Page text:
Jones PJS (2014) Governing Marine Protected Areas: resilience through diversity. Earthscan/Routledge. See leaflet for this book which includes a 20% discount code (DC361 takes price to £40 + £2 postage in UK) that can be applied when the book is purchased from the Earthscan/Routledge site

Comments

“There are many books on how to design and create marine protected areas (MPAs), so vital for ocean conservation, but few on how to make them successful. This book plugs that crucial gap, distilling experience from across the world into sound and creative advice.” – Callum Roberts, Professor of Marine Conservation, University of York, UK. “The issue of governance is addressed in this book in a novel and important way. Through the lens of his review of a large number of MPA case studies, Jones makes the case for diversity and complexity in the governance of MPAs, which are themselves ecologically diverse and complex. This is a signal achievement which should greatly advance both policy and practice.” – Bonnie J. McCay, Distinguished Professor, School of Environmental and Biological Sciences, Rutgers the State University of New Jersey, USA. “There is a lot of scattered information about the value of MPAs, but we need a book that makes sense of all this information, informs us on how to make the best of the MPAs we have, and reviews why we need more. Dr. Jones’ is that book.” – Daniel Pauly, Professor of Fisheries, University of British Columbia, Canada. "MPAs are mystifyingly prone to failure. Using a robust case study analysis approach, Jones clearly demonstrates a broad variety of ways to achieve management-to-scale via different governance arrangements, in order to harness the significant potential of MPAs in achieving conservation and sustainable use objectives." – Tundi Agardy, Executive Director, Sound Seas, Author of Ocean Zoning: Making Marine Management More Effective (Earthscan, 2010). "This book addresses the challenges of implementing and effectively managing MPAs for narrower habitat protection. It also places MPAs in the broader context in terms of both governance and ecological theories. These issues are addressed in a novel, thorough and trans-disciplinary way. This is an important contribution to the field of marine conservation and natural resource management." – Richard Kenchington, Professor, Ecosystem and Resource Management, Australian National Centre for Ocean Resources and Security, University of Wollongong, Australia. “Peter Jones examines a very timely topic: governing marine MPAs within nations’ waters. He sees the big picture and the diversity of details that governments and stakeholders need to shape if MPAs are to benefit biodiversity and people. Read this book!” – Elliott Norse, Founder and Chief Scientist, Marine Conservation Institute, Seattle, USA. "Here is a book that deals with governance of a natural system for purposes of resilience. It is really worth reading!" – C.S. Holling, Arthur R. Marshall Jr. Chair in Ecological Sciences, Department of Zoology, University of Florida, USA.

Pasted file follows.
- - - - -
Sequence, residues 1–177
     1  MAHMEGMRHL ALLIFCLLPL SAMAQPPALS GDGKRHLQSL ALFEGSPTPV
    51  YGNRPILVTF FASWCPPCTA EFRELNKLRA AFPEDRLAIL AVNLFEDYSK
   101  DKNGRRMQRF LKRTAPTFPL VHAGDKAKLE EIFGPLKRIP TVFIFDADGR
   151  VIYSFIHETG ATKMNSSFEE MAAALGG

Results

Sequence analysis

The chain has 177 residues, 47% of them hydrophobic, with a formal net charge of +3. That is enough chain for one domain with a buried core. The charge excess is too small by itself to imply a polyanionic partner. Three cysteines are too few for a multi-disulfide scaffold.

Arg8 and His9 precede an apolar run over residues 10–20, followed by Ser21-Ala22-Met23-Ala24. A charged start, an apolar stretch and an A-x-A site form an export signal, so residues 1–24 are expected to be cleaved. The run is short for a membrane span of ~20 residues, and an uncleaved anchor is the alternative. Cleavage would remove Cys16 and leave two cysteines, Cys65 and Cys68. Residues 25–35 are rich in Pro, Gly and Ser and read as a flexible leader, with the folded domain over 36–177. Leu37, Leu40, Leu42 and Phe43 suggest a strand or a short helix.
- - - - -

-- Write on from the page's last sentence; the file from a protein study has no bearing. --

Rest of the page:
Just a quick plug for a live chat with Dr. Peter JS Jones that will occur on Tuesday, 1 April 2014. More information is at http://openchannels.org/chat/live-chat-marine-spatial-planning-reality-preliminary-governance-findings-mesma-project

The journal Nature has published a positive 'Books in Brief' review of 'Governing MPAs' - http://tinyurl.com/pc5nsxv - "Marine Protected Areas, or MPAs — ocean zones limiting human activity — cover little more than 2% of the world's oceans, despite an internationally agreed target of 10% by 2020. And thousands of those that do exist are little more than 'paper parks', many scientists have found. Entering these choppy waters is geographer Peter Jones, who shows, through some 20 case studies, how and how not to govern MPAs effectively. Jones compellingly concludes that a diversity of incentives, from economic to social, is as essential as the diversity of the ecosystems MPAs are designed to protect."